Where cowboys rule

Cimarron brings the authentic sounds of Colombia's tropical plains on new album

The Colombian writer and journalist Gabriel Garcia Marquez was awarded the Nobel Prize for Literature in 1982. At his award ceremony in Stockholm, Sweden, a delegation of Colombian musicians performed for the event. Harp player Carlos "Cuco" Rojas, the founder of the Cimarron band, and lead singer Ana Veydo joined the musicians, adding their festive joropo dance music from plains of the Orinoco River (in Colombia and Venezuela) to the music on the Nobel stage.

Rojas and Veydo founded Cimarron in 2000 with the aim of broadening the "folkloric" joropo sound with indigenous and African cultural elements. The region, known as the Llanos, is known for its horse-riding cowboys who herd cattle across the plains. The music features the Venezuelan cuatro, maracas, harps and bass; it's music about tough cowboy types and it was a sound that Cimarron's founders believed did not reflect the diversity of the region, especially voices of the women in the region. They set about adding local and African instruments and "sonorities" -- they added a zapateador, a shoe stomper (percussion), as well as the Brazilian big surdo drum, Colombian tambora costena, the Peruvian cajon (box drum) and even deer horns.

From the outset, the band embarked on a long-term project to take the music to the rest of the world to show that Colombia has other music besides salsa, cumbia, caribeno and shakira. Consequently, for the past 20 years Cimarron has performed at festivals across the planet, including Womex and Womad. The band's first album Si, Soy Ilanero came out on Smithsonian Folkways in 2004 and this was followed by a live album in 2007 (with Welsh harp player Catrin Finch). In 2011 the band released Cimarron Joropo Music From The Plains Of Colombia on Smithsonian Folkways and this album went on to win multiple awards. In 2019, the band released its most successful album, the amazing Orinoco (Cimarron Music), which won a Best Group Award at the Songlines Music Awards. This album is highly recommended for those wishing to explore this fascinating band's music.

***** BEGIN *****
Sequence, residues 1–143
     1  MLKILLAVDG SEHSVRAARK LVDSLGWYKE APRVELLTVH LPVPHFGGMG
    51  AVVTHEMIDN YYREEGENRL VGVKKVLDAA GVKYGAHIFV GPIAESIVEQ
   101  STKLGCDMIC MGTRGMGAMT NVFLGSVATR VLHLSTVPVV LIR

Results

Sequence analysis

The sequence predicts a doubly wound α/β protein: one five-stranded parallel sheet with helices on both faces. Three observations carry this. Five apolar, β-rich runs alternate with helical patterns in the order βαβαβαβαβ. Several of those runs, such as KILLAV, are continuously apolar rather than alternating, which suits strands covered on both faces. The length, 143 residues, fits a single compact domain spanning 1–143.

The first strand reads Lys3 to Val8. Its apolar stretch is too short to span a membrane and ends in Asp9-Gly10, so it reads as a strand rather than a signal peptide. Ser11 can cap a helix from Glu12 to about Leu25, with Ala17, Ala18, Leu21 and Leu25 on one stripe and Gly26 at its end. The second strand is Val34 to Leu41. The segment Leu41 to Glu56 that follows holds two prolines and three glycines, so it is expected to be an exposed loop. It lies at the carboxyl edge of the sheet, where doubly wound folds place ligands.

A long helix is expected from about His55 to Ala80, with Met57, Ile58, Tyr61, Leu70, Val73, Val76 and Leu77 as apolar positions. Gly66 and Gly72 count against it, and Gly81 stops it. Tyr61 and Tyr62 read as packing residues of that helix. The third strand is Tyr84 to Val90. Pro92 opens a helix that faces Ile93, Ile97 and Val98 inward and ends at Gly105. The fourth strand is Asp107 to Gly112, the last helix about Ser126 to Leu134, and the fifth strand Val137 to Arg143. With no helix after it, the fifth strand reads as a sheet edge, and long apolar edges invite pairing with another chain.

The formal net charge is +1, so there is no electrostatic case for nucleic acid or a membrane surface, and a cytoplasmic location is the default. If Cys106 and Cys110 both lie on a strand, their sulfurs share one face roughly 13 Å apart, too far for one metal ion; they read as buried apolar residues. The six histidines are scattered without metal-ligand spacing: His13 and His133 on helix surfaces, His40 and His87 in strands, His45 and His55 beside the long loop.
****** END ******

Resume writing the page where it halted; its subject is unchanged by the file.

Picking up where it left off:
Sadly, the band's anchor and leader Rojas died in 2020 during the coronavirus lockdown, leaving Veydo to pick up the pieces and move the band forward. The result is a new album, La Recia (Cimarron Music), the title of which translates as Tough Woman, which is currently riding in the top spot on the Transglobal World Music Chart for July.

Veydo has explained in several interviews that the title is a response to the region's machista, or manliness, which comes from men taming horses. As she explained to NPR: "La recia is a term that's typically associated with men's values -- a man is recio because his voice is strong, because he tames horses… so I wanted, with La Recia, to represent women's reality, too."

The new album does feature one track with Cuco Rojas, an improvised harp-based track called Cuco En La Arpa, and for the most part the album features signature Cimmaron sounds -- handclaps and driving percussion, soaring vocals and inspirational lyrics. Cimarroneando, for instance, showcases the bands extraordinarily rich sound with maracas, bass, cajon, tambora, cuatro and bandola all working in harmony. Other outstanding instrumental tracks include the striking Parranda Quitapersares Con Zapateo. Foot-stomping rhythms propel one of the best tracks, El Gavilan, but that one is topped by my favourite on the album, Aguita Fresca, which, for me anyway, banishes all those rainy season blues.

I highly recommend this new album and the previous one, Orinoco, for those who are intrigued by the rich musical culture of Colombia. If you like Joe Arroyo, Toto La Momposina, Fruko y Su Tesos and genres like cumbia and vallenato, then it's time for you to travel to the plains of the Orinoco, where bands like Cimarron are creating a new joropo sound. More information from cimarroncolombia.com.

John Clewley can be contacted at clewley.john@gmail.com

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